NIEHS Researchers Uncover Unknowns of Urban Wildfires
When wildfires move into urban areas, they burn homes and buildings, releasing toxic chemicals into the environment. Yet little is known about how exposure to urban wildfires affects human health. NIEHS-funded researchers are uncovering the unknowns of urban wildfires to better understand and protect people from these complex exposures.
“We know what chemicals are in smoke from natural forest fires, but we don’t know what chemicals are released when homes and buildings burn in an urban wildfire. These structures can contain synthetic chemicals from cleaning products, insulation materials, particle board, pesticides, electronics, lead paint, and asbestos. As urban wildfires become more frequent, we need to understand what is in this chemical mixture, what new chemicals are formed when structures burn at extremely high temperatures, and how exposures affect health,” said Irva Hertz-Picciotto, Ph.D., who directs the Environmental Health Sciences Core Center at the University of California, Davis and leads the Wildfires and Health - Assessing the Toll on Northwest California (WHAT NOW California) project.
Investigating Unknown Exposures and Health Effects
Funded through the NIEHS Time-Sensitive Research program, WHAT NOW California examines potential physical and mental health effects from the October 2017 Sonoma County fires, which burned more than 5,000 structures. The research team surveyed nearly 6,000 residents about the respiratory and mental health issues they experienced during and in the immediate aftermath of the fires.
When a wildfire nearly eradicated towns like Paradise in November 2018, the team expanded the survey. According to Hertz-Picciotto, wildfire smoke exposed millions of people to some of the worst air pollution ever recorded in the U.S.
“Even people with no prior health conditions reported experiencing cough, wheezing, or an asthma attack. A sizable group was still reporting symptoms six or more months later,” said Hertz-Picciotto. “With further follow-up, we aim to determine whether a short-term exposure to heavy wildfire smoke can have long-lasting impacts on health.”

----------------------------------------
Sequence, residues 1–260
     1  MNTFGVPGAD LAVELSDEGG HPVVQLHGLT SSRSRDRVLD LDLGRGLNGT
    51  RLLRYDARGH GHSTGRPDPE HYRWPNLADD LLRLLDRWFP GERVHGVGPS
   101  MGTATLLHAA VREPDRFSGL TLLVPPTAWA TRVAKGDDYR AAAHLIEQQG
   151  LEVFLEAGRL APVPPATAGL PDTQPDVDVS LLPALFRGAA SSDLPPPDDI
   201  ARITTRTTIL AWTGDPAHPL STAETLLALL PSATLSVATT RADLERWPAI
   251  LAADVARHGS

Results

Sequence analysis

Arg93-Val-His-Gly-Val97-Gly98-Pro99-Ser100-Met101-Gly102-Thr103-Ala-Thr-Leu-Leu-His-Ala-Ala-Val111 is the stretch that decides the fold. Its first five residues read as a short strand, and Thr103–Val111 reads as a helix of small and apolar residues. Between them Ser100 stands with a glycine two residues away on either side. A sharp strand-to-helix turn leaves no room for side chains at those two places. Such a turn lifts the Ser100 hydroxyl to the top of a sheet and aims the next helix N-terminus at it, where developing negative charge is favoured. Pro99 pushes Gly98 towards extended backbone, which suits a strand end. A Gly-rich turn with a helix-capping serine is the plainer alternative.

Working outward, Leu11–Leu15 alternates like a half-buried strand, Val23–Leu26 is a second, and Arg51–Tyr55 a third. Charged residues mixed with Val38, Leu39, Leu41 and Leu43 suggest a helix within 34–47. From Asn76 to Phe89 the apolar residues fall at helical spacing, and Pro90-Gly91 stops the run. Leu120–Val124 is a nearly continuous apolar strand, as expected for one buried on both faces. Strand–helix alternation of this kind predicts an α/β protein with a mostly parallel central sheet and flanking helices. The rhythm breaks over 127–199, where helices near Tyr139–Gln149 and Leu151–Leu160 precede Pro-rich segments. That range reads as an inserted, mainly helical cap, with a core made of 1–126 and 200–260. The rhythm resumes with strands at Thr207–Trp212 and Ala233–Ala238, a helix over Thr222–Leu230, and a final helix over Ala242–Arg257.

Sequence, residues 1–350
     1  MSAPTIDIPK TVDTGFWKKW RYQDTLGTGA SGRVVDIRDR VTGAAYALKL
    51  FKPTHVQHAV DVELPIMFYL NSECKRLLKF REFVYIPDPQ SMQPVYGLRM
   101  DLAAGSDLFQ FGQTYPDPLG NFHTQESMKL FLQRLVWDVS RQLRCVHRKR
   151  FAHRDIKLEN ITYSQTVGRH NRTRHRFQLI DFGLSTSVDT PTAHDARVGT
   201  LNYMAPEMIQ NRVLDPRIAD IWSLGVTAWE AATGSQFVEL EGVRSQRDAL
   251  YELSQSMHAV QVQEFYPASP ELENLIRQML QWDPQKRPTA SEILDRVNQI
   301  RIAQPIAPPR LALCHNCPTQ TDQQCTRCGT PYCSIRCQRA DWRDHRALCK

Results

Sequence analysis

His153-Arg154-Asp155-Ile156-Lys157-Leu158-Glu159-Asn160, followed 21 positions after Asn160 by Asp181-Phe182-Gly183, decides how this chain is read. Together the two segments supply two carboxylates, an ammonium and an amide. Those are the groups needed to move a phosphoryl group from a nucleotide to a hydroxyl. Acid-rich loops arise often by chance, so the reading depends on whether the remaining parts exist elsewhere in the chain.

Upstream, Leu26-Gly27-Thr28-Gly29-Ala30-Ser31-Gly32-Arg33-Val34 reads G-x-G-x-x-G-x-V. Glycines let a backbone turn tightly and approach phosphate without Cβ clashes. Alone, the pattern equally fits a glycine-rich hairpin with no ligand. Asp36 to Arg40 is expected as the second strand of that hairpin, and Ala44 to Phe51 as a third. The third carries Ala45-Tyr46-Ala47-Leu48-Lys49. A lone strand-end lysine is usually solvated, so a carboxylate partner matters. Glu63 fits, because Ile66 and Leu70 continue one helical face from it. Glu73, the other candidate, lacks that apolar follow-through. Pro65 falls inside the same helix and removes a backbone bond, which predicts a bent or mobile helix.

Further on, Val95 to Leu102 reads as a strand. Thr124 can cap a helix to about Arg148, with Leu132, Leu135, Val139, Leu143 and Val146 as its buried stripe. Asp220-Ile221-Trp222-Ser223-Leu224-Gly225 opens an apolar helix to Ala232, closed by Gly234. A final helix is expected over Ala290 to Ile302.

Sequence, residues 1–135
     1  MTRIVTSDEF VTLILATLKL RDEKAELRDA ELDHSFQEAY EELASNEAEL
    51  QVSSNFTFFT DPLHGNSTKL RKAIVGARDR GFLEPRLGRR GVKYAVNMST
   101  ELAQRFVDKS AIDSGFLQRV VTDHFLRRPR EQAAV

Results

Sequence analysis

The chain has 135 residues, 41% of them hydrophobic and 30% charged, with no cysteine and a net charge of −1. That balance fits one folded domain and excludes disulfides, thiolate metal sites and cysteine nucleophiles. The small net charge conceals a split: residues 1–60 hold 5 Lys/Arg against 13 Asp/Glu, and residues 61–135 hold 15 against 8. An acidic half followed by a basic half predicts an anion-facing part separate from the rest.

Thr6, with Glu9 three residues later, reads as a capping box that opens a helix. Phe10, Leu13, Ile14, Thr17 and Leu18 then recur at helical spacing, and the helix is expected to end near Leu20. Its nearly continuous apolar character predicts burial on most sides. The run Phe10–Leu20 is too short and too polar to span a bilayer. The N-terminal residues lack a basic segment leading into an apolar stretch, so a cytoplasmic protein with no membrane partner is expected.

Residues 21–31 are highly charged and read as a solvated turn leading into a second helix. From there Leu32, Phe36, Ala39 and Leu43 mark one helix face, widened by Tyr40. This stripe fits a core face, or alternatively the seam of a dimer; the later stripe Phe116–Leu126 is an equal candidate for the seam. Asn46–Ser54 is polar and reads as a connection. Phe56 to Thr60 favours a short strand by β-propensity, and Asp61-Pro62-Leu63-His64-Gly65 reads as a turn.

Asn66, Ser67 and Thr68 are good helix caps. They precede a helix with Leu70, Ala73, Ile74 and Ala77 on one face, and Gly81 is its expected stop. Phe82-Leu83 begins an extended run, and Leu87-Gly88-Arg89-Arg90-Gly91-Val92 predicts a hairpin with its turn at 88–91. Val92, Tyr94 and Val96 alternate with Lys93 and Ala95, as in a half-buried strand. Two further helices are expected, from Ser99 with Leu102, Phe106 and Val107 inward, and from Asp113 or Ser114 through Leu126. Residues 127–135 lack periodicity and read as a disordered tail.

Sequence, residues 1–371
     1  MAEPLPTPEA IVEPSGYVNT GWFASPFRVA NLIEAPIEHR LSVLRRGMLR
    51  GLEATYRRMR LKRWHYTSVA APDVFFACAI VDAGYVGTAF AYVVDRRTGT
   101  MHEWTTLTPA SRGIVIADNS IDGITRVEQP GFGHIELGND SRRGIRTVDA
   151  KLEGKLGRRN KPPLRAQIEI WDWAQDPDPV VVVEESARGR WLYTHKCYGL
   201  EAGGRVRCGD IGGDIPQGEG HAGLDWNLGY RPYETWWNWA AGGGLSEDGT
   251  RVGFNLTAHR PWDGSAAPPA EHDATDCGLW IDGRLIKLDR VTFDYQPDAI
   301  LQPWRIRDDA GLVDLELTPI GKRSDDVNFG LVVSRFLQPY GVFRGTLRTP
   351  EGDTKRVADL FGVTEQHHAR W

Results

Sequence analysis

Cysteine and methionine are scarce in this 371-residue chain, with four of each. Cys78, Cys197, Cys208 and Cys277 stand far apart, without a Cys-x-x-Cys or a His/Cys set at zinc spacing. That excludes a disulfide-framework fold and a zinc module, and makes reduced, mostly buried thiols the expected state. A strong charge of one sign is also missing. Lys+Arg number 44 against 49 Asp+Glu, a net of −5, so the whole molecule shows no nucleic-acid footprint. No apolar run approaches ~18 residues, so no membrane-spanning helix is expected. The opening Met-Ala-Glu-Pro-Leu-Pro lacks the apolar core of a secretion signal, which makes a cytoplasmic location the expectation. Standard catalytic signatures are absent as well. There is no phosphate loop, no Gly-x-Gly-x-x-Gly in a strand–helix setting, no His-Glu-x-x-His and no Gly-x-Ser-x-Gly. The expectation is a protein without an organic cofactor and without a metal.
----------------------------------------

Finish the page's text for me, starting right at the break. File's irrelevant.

The researchers are also analyzing air and ash samples from affected communities and collecting urine, hair, and blood from residents to determine the chemicals to which people may have been exposed. “Overall, this study will provide critical information about needs, behaviors, and short- and long-term health effects that will assist health professionals, government agencies, and non-profit and service organizations better prepare for and respond to urban wildfires.”
Training Workers, Building Capacity
Funded by the NIEHS Worker Training Program, the Western Region Universities Consortium (WRUC) trains day laborers and domestic workers in California to protect themselves from the hazards they might encounter during wildfire cleanup in residential settings.
“Homeowners in wildfire-impacted areas hire day laborers and domestic workers soon after the fires subside to clean up ash, soot, and debris – both outside and inside the home,” said Linda Delp, Ph.D., director of the Labor Occupational Safety and Health Program at the University of California, Los Angeles and WRUC lead. “While many training efforts focus on first responders and the public, residential day laborers are often overlooked. We’re ensuring these workers understand the risks they may face during cleanup work and measures they can take to protect themselves.”
WRUC emphasizes the importance of partnering with local worker centers to build their training capacity because of the knowledge and trust they have with the day laborers. For example, WRUC works with the Instituto de Educación Popular del Sur de California (IDEPSCA), a community organization that has been educating and organizing day laborers and domestic workers in Los Angeles since the early 1990s.
“This is a predominantly immigrant, low-wage worker population with limited resources,” said Maegan Ortiz, executive director of IDEPSCA. “It’s important to educate these workers on a range of labor issues, including safety and health protections.”